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Couple proceeds with wedding amid chaos in P.E.I. from post-tropical storm Fiona

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CHARLOTTETOWN — Naomi and Tyler Wheeler have lived through a pandemic, wildfires, heat waves, minor earthquakes and most recently a post-tropical storm that laid waste to huge swaths of Atlantic Canada.

As the former hurricane Fiona pounded Prince Edward Island on Saturday, devastating much of the province, the couple pledged to weather storms — and any other apocalyptic events life sends their way — together.

In front of just 16 guests, down from the 85 they’d hoped to entertain, the Wheelers professed their love for each other and exchanged rings at the Rodd Charlottetown hotel in the capital city’s downtown core.

The couple officially tied the knot in Halifax in 2017 in a small ceremony and decided to have a party later.

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“We tried to schedule it three times,” Naomi Wheeler said with a laugh. “And then COVID kept getting in the way. Of course, a hurricane happens when we reschedule.”

The couple live in the bride’s California home town, while the groom hails from Montague, P.E.I. They wanted to have a party for Tyler Wheeler’s family and other friends who wouldn’t be able to make it to Los Angeles.

They landed in Charlottetown Wednesday when Fiona was churning its way through southern waters. But as the storm approached Canada and warnings grew stringent, their friends cancelled. The couple was disappointed but understood. They wanted their friends and family safe.

“There was the whole stages of grief about it,” Tyler Wheeler said. “We’re just kind of in disbelief that this could happen.”

The couple then simply decided to go with the flow, said the bride.

“The flow is just a hurricane.”

The wedding was delayed by an hour-and-a-half while the officiant, Sarah Haberl, and the groom helped patch up a family member’s roof. The Wheelers first met as students at a 2013 party in Montreal. Later that evening, the pair recognized each other at a club where they had gone to act as “wing people” for friends.

“We were terrible wing people,” said the bride.

Nine years later, as Fiona raged, the couple finally celebrated their love and friendship with their closest friends in a storm-adapted ceremony they said was sprinkled with personal touches.

The room was lit with 30 candles and three iPhone flashlights. The invocation and vows were read by candlelight and a headlamp, Haberl said.

The ceremony included a poem, a little bit of the childhood of the couple and had some “lovey-dovey things,” she said.

The rings the Wheelers eventually exchanged were first passed around the room so guests could offer a blessing on them.

The raspberry and vanilla swirl cake was topped with fresh flowers and made by the groom’s sister-in-law.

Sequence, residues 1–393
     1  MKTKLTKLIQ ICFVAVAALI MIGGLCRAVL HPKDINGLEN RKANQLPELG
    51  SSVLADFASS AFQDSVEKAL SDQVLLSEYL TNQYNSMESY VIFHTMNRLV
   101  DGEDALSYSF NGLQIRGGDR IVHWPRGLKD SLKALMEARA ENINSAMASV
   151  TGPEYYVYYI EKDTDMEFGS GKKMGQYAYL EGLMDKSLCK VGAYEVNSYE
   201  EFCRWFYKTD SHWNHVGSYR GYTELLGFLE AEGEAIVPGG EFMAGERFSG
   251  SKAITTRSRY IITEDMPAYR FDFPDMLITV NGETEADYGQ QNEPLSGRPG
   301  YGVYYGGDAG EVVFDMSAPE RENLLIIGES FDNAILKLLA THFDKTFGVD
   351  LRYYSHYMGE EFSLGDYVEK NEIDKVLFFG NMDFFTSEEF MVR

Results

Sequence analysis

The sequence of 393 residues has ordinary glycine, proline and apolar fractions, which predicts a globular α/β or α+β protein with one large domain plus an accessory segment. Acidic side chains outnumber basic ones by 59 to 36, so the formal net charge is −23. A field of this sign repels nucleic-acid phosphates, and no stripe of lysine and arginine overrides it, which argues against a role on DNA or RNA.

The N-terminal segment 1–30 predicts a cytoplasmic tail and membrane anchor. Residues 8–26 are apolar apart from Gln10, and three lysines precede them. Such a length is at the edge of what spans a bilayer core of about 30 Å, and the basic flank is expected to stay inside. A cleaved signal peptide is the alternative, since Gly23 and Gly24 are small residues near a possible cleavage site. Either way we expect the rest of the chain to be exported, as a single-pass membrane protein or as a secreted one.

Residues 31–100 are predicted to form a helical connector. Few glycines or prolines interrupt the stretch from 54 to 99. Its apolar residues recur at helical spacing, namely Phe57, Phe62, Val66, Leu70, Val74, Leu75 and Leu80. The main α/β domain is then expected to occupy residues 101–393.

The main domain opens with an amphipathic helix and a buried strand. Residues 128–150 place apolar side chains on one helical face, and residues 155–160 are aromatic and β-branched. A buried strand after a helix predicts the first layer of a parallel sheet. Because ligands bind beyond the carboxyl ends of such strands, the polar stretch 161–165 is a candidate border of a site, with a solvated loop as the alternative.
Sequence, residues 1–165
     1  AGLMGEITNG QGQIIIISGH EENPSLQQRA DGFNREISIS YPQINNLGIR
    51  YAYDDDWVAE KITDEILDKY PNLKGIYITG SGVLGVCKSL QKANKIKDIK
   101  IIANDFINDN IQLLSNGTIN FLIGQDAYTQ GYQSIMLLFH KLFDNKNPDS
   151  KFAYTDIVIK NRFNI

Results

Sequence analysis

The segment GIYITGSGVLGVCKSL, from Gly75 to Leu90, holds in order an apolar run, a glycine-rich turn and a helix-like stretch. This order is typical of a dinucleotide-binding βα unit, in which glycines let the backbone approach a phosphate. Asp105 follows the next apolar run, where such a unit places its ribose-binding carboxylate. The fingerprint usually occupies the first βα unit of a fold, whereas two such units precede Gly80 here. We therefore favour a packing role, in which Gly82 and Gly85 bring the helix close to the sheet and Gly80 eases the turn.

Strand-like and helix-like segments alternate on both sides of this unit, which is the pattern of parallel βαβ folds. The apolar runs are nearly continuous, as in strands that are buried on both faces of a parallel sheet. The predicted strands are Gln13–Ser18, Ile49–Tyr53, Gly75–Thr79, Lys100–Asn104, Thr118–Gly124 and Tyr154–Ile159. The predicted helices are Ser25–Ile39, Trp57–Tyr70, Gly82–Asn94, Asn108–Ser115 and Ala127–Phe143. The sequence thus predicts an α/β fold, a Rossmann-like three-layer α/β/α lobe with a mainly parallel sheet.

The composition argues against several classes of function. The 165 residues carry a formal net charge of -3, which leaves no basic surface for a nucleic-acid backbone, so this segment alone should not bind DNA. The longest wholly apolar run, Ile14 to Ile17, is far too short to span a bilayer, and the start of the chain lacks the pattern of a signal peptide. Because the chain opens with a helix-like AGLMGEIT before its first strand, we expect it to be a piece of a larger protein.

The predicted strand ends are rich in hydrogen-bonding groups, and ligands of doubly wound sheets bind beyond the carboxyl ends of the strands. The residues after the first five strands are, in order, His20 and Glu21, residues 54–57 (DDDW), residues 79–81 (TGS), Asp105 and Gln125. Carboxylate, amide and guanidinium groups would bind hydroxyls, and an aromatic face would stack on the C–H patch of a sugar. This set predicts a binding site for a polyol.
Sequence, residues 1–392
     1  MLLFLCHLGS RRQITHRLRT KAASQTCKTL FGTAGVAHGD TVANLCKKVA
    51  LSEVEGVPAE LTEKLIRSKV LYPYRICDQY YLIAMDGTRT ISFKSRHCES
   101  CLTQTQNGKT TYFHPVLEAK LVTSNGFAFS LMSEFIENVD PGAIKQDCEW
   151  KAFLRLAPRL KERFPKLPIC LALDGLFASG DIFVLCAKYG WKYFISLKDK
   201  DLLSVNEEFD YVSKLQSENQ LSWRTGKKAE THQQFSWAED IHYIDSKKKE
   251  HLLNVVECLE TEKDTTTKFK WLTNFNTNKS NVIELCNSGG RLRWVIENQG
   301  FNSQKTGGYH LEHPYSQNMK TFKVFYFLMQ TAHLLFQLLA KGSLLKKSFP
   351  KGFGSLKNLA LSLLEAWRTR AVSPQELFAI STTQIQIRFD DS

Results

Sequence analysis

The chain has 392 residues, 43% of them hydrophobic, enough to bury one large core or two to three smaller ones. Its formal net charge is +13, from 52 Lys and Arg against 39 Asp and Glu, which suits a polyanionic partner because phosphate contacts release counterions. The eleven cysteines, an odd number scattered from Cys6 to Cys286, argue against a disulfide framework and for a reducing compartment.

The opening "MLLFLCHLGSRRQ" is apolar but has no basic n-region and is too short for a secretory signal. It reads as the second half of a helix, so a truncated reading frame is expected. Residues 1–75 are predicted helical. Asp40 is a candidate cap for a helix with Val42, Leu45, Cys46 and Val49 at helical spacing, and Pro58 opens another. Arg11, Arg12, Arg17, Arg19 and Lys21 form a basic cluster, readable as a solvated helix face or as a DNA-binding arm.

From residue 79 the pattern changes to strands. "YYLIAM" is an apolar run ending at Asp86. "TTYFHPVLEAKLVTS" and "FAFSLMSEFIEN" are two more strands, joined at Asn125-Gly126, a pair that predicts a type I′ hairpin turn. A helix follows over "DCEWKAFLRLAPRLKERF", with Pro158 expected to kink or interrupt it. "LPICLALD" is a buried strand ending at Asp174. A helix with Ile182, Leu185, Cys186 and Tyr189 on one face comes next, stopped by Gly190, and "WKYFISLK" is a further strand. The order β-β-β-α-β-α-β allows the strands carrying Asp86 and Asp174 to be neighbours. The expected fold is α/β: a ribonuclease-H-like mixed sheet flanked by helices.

One of the first songs partygoers danced to was the well-known sea shanty ‘Barrett’s Privateers.’

“We had to get a little bit of Nova Scotia in there,” the groom said.

Amid the celebration, the couple said there was a touch of sadness because the groom’s grandparents couldn’t attend.

Reflecting on their ceremony and the past few whirlwind days, the bride said they didn’t realize how fast and how bad things could get with the weather. But Naomi Wheeler said she also feels overwhelmed by the amount of support she got and how everyone came together.

“I think we embraced it. It was a lovely, lovely, cosy, intimate evening,” she said. “I feel very loved.”

This report by The Canadian Press was first published Sept. 25, 2022.

 

Hina Alam, The Canadian Press

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Alberta NDP says premier’s rejection of federal authority lays separation groundwork

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Alberta’s NDP Opposition leader says Premier Danielle Smith‘s comments rejecting the legitimacy of the federal government betray her unspoken plan to lay the groundwork for eventual separation.

Rachel Notley cited Smith’s comments to the house just before members passed her sovereignty bill earlier Thursday, in which Smith rejected the federal government’s overarching authority.

“It’s not like Ottawa is a national government,” Smith told the house at 12:30 a.m. Thursday.

“The way our country works is that we are a federation of sovereign, independent jurisdictions. They are one of those signatories to the Constitution and the rest of us, as signatories to the Constitution, have a right to exercise our sovereign powers in our own areas of jurisdiction.”

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Notley, speaking to reporters, said, “At 12:30 last night when she thought nobody was listening, the veil was lifted and Danielle Smith’s interest in genuinely pursuing initial steps toward separation were revealed.

“(They) demonstrate that her view is actually that which is aligned with these fringe separatist wannabes like folks who drafted the Free Alberta Strategy.

“Those comments are utterly chaos-inducing.”

Free Alberta Strategy was a 2021 policy paper drafted in part by Smith’s current top adviser Rob Anderson.

The authors of the paper argue that federal laws, policies and overreach are mortally wounding Alberta’s development.

They urge a two-track strategy to assert greater autonomy for Alberta within Confederation, while simultaneously laying the policy and administrative groundwork to transition Alberta to separation and sovereignty should negotiations fail.

The strategy was the genesis for Smith’s controversial sovereignty bill that stipulates the Alberta legislature, rather than the courts, can pass judgment on what is constitutional when it comes to provincial jurisdiction.

The bill also grants cabinet the power to direct municipalities, city police forces, health regions and schools to resist implementing federal laws.